It appears that He does, especially in light of our main text this morning. The young Saul (aka Paul, later to become an apostle) started out with a bang, witnessing to all that Jesus of Nazareth was indeed the long awaited Messiah, and though he had a measure of success, things also got a little hairy. So the church sent him back to his home town. He appears to be “benched” for almost 10 years. (Oh, he was most assuredly busy with the tasks at hand growing in the faith while making tents, but he clearly wasn’t on the radar of recorded church history.) Then his early mentor, Barnabas, seeks Saul out to join him with some small tasks (see Acts 11:28-36). Slowly, Saul, aka Paul (his Roman name), begins to fulfill the destiny the Lord presented to him on the Road to Damascus (see Acts 26:16ff)….

Brothers and sisters, you may be feeling like the Lord has pulled you out of the “game” and benched you for some silly mistake (aka sin), but is it possible that He is “benching” you for quite another reason? Maybe He wants you to watch that number 10, learning from them how they engage the opponent or how they are learning the offense and defense the He wants you to run? Quite possibly so? What do you think? Your thoughts?

Main Text: — Acts 13:1-3 (NIV84)  In the church at Antioch there were prophets and teachers: Barnabas, Simeon called Niger, Lucius of Cyrene, Manaen (who had been brought up with Herod the tetrarch) and Saul.  While they were worshiping the Lord and fasting, the Holy Spirit said, “Set apart for me Barnabas and Saul for the work to which I have called them.”  So after they had fasted and prayed, they placed their hands on them and sent them off.

Additional Scriptures to Renew Your Thoughts

  But when the time had fully come, God sent his Son, born of a woman, born under law, to redeem those under law, that we might receive the full rights of sons.— Galatians 4:4–5 (NIV84)

Now Moses was tending the flock of Jethro his father-in-law, the priest of Midian, and he led the flock to the far side of the desert and came to Horeb, the mountain of God. There the angel of the LORD appeared to him in flames of fire from within a bush. Moses saw that though the bush was on fire it did not burn up. So Moses thought, “I will go over and see this strange sight—why the bush does not burn up.” Exodus 3:1–3 (NIV84)

 Now Joseph had been taken down to Egypt. Potiphar, an Egyptian who was one of Pharaoh’s officials, the captain of the guard, bought him from the Ishmaelites who had taken him there. Genesis 39:1 (NIV84)

Lord Jesus Christ, I put You on as my Slippers of Patience especially during this season of my life as I faithful receive Your training…. In Your Name, Amen.

Pastor Mike

“Getting Ready for the Journey”

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The plumber makes sure he has all the parts and tools for the job; the chef makes sure she has all the ingredients and cookware for the meal; the surgeon makes sure all the right appliances are available for the procedure. And the preparation is well worth it.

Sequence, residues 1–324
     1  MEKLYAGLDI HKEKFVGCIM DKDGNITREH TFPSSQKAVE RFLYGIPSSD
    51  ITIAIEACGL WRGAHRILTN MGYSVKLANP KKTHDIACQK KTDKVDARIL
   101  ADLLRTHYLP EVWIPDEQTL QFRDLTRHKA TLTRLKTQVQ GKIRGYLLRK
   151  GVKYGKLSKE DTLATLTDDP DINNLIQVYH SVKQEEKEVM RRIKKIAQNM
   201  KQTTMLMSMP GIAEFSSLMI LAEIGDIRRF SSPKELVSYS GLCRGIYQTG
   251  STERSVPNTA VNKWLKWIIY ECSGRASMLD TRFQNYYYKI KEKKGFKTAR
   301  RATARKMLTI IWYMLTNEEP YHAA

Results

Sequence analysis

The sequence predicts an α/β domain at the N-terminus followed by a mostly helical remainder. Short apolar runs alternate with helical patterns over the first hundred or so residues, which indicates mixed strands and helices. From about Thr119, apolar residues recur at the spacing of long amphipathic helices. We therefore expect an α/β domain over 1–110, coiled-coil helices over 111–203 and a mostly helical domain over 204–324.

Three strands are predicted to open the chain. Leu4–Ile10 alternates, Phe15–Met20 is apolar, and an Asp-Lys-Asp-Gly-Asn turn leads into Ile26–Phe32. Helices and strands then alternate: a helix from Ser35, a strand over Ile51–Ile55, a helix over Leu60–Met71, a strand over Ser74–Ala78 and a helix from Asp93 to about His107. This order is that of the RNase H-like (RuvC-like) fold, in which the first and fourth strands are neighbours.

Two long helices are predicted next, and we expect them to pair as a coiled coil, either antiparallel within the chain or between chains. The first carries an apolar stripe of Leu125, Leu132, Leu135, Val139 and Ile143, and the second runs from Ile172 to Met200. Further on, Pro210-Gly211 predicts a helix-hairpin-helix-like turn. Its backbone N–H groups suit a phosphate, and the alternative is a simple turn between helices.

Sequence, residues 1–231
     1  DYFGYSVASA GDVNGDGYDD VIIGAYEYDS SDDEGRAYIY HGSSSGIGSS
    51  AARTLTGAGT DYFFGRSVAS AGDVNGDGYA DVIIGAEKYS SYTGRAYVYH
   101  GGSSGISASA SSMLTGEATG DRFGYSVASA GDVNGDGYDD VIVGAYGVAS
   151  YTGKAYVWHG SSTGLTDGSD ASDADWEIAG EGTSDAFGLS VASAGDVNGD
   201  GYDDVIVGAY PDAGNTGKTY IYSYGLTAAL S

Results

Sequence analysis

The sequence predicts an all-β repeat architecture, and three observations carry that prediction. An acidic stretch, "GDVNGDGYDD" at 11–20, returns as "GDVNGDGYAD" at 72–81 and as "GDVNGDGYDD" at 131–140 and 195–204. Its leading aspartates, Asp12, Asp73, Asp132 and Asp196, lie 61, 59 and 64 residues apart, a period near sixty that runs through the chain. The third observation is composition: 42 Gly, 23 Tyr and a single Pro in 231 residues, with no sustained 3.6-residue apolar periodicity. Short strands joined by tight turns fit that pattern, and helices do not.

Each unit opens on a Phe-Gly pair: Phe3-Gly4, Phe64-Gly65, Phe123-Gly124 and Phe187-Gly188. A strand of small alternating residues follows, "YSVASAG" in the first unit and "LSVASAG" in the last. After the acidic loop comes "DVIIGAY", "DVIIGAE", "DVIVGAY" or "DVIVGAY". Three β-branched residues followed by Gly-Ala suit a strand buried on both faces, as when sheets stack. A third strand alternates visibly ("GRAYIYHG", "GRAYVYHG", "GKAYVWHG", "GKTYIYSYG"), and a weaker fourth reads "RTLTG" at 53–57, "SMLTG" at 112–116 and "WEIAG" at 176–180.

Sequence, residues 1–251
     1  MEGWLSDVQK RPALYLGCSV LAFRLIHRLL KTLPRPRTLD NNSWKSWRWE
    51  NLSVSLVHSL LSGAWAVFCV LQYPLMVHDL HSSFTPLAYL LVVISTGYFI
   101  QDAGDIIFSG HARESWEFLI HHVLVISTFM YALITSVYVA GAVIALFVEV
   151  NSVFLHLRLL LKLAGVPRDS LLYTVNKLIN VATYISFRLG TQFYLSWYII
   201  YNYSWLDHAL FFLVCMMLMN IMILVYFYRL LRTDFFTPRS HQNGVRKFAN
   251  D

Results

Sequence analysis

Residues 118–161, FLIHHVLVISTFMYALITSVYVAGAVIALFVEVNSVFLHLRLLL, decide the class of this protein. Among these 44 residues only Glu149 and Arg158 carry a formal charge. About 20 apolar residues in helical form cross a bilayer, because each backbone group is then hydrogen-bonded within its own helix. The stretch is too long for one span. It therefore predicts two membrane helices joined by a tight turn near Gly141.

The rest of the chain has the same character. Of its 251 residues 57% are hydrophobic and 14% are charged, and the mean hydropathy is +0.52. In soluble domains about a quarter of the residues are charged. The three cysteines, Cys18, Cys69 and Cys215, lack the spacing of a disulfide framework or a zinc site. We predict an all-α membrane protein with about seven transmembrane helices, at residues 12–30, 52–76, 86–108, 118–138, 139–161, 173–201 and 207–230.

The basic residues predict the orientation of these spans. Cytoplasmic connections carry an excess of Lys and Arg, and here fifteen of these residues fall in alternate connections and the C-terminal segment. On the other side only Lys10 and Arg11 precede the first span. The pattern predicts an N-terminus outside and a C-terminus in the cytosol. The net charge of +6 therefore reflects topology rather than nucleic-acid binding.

Before we start any project or procedure, it is best to assess the situation, making sure we have the necessary materials for it. Our LORD  did this in the very beginning (see the main text below). He assessed the situation and made sure He had all the ‘right stuff’ before beginning. (Whereas many may need a tool box or truck load of tools and parts, all He needed was His Word….)

As we continue this series in Acts on Pursuing the Lord Jesus Christ, I find it most fascinating that during the waiting period, the leadership felt the need to assess the situation, taking an inventory of the needed personnel to get organized. They were not sitting around “just” praying, were they?

Lifestyle worshiper, whether it is the LORD or the early church leadership, don’t you think this is a good example to follow in our pursuit of the Lord Jesus Christ? Assess our spiritual condition and look about to see if we have all the essential ‘tools’ for this project. What do you think are some tools we need for this? Your thoughts?

Main Text: — Genesis 1:1-2 — 1 In the beginning God created the heaven and the earth. 2 And the earth was without form, and void; and darkness was upon the face of the deep. And the Spirit of God moved upon the face of the waters  [KJV]

Additional Scriptures to Renew Your Thoughts

 They all joined together constantly in prayer, along with the women and Mary the mother of Jesus, and with his brothers. … “For,” said Peter, “it is written in the book of Psalms, “ ‘May his place be deserted; let there be no one to dwell in it,’ and, “ ‘May another take his place of leadership.’ Therefore it is necessary to choose one of the men who have been with us the whole time the Lord Jesus went in and out among us, — Acts 1:14, 20-21 (NIV84)

 Yet I hold this against you: You have forsaken your first love. Remember the height from which you have fallen! Repent and do the things you did at first. If you do not repent, I will come to you and remove your lampstand from its place.  —Revelation 2:4-5 (NIV84)

For which of you, desiring to build a tower, does not first sit down and count the cost, whether he has enough to complete it? — Luke 14:28 (ESV)

 Heavenly Father, empower me by Your Holy Spirit to see the condition of my situation. Lord Jesus Christ, be my wisdom as I assess the “tools” needed for my journey with You. In Your Name, Amen.

Pastor Mike